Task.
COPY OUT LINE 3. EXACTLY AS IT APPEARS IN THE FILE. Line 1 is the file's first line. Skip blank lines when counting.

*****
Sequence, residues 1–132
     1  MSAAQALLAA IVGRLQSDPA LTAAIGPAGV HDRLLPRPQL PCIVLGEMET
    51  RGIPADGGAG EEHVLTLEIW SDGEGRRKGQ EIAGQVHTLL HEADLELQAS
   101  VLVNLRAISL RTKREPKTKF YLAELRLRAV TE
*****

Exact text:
    51  RGIPADGGAG EEHVLTLEIW SDGEGRRKGQ EIAGQVHTLL HEADLELQAS